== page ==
Sand mining ban puts builders in a bind

Project costs could increase three-fold as sand will have to be imported

Updated - August 09, 2013 11:10 pm IST

Published - August 09, 2013 11:09 pm IST - MUMBAI

TIRUCHI:FOR STANDALONE PICTURE DAILY:Sand rush: Earthmovers busily engaged in mining sand from the Cauvery river bed near Tiruchi on 20th July 2007, in a last minute rush before the water from Mettur reservoir reached here.....Photo:M_Moorthy

TIRUCHI:FOR STANDALONE PICTURE DAILY:Sand rush: Earthmovers busily engaged in mining sand from the Cauvery river bed near Tiruchi on 20th July 2007, in a last minute rush before the water from Mettur reservoir reached here.....Photo:M_Moorthy

The stay on sand mining on river beds as per the order of the National Green Tribunal has put the building and construction industry in a quandary.

Not surprisingly, real estate developers have come out in vociferous protest.

Anand Gupta, Secretary, Builders Association of India (BAI), said the order would severely impact construction activity across the country. “In terms of cost, sand constitutes a mere 2-2.5 per cent of the construction cost. So, it is not so significant but the problem is that there is no suitable alternative to river sand.’’

The industry felt that construction being an ongoing and continuous process, sand could not be deposited and stored for more than a couple of days at a time.

“Sand is one of the most essential inputs for construction. The ban is a retrograde step, and I do not think it is proper to pass orders without allowing the thousands of developers to have their say. Far from curbing sand smuggling, this could well increase it,” Lalit Kumar Jain, National Chairman, Confederation of Real Estate Developers’ Associations of India (CREDAI) told The Hindu .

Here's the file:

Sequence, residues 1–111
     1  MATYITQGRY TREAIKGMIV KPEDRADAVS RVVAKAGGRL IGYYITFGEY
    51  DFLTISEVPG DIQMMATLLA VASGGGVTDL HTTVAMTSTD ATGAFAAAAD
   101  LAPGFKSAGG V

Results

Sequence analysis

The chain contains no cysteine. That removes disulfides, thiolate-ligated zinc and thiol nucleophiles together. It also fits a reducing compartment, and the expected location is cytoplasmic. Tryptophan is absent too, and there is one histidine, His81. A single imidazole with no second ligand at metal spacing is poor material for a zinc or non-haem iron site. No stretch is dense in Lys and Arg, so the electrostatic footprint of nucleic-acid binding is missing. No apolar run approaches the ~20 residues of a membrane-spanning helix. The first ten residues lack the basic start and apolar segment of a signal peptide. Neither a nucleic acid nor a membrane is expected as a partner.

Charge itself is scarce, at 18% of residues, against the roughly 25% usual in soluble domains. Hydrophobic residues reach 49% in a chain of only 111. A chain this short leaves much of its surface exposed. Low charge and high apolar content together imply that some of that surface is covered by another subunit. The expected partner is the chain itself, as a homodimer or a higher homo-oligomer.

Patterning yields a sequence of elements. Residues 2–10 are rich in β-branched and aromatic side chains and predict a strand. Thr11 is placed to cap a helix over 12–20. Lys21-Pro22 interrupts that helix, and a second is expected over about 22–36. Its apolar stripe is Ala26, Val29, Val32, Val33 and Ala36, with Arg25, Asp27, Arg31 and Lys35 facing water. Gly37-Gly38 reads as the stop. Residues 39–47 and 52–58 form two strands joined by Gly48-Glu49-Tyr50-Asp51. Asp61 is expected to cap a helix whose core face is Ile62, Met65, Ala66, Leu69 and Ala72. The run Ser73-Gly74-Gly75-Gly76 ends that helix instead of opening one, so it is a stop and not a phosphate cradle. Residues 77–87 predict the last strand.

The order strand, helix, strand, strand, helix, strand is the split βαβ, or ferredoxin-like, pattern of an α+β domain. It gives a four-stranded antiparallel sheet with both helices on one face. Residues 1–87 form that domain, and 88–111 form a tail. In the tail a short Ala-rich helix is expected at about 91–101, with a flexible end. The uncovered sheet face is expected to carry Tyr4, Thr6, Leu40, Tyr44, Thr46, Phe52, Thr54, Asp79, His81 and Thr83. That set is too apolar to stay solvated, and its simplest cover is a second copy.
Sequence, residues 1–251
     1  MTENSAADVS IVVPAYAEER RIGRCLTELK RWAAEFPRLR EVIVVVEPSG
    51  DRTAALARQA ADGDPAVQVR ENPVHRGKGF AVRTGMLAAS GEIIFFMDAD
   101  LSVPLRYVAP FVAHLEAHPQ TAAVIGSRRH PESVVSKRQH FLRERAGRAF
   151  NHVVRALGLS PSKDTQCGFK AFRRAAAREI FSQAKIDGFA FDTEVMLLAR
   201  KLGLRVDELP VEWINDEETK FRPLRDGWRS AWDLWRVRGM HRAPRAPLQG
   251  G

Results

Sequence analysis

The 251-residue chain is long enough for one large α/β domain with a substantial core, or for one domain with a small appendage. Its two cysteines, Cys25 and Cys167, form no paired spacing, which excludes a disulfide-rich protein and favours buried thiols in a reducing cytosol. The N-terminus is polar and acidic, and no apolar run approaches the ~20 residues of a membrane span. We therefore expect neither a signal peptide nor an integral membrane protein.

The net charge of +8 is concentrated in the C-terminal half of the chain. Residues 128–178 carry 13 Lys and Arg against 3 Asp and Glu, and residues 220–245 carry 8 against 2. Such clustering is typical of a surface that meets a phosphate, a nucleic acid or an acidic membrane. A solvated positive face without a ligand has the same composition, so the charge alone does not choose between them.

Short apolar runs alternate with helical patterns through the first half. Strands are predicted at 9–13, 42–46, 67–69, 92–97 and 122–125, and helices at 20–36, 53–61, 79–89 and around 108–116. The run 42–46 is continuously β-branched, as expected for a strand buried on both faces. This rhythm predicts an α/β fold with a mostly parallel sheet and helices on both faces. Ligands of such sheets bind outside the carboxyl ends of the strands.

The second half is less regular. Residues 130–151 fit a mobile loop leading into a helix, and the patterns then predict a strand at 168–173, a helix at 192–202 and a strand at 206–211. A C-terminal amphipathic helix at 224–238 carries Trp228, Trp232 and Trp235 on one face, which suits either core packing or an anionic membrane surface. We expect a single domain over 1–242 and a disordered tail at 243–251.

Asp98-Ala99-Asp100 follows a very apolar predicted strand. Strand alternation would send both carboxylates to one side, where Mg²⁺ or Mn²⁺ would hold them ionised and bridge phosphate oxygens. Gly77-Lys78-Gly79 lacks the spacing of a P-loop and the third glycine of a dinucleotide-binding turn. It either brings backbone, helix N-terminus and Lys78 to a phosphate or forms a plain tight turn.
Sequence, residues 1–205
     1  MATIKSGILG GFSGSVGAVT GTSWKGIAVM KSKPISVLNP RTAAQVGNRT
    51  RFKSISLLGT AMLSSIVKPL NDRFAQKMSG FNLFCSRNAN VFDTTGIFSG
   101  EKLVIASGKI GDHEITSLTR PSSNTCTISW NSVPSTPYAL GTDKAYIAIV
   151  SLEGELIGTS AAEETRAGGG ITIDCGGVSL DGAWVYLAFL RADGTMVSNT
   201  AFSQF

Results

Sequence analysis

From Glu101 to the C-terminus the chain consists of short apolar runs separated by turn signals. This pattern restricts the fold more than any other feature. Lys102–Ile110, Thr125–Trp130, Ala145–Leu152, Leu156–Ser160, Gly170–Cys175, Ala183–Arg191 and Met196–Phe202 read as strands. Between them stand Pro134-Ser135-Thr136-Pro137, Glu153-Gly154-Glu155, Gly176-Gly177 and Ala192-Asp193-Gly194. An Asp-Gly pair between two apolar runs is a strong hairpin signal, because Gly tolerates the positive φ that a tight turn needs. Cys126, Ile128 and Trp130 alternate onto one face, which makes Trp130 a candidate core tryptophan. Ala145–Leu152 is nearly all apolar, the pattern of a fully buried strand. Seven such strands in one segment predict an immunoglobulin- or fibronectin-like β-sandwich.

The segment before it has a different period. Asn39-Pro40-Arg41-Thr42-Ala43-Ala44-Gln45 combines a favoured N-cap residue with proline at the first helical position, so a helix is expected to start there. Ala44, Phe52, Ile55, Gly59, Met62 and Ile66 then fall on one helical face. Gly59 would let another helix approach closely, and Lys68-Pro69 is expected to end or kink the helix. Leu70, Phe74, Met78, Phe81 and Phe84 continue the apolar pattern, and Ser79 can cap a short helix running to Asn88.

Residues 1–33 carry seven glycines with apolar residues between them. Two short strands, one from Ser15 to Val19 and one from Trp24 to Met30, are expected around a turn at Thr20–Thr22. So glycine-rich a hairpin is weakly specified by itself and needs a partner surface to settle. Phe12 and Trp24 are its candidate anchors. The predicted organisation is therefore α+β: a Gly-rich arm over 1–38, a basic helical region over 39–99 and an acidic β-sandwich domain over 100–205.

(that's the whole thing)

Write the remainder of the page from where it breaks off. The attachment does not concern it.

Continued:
For the last few years, crushed stone and finely ground concrete have been tried out as an alternative for sand. “Although it is cheaper, it cannot really substitute sand, which still accounts for a lion’s share of use in plastering and finishing,’’ Mr. Gupta said. “ The government knows the requirement, and must have sufficient depots.’’

The so-called ‘sand mafia’ was created by the government system, an industry representative said, adding that it was the responsibility of district collectors to issue permission for sand mining to match the requirement of the construction industry for which they issued certificates.

“If everything we do is subject to clearances such as this, it will send the construction industry for a toss,” said Mr. Jain. This action would result in huge losses in the form of delays, he said, adding that project costs could increase three-fold as sand would have to be imported from countries such as Pakistan and Cambodia. “Unfortunately, the consumer would suffer most, as he would have to pay for this cost hike”.

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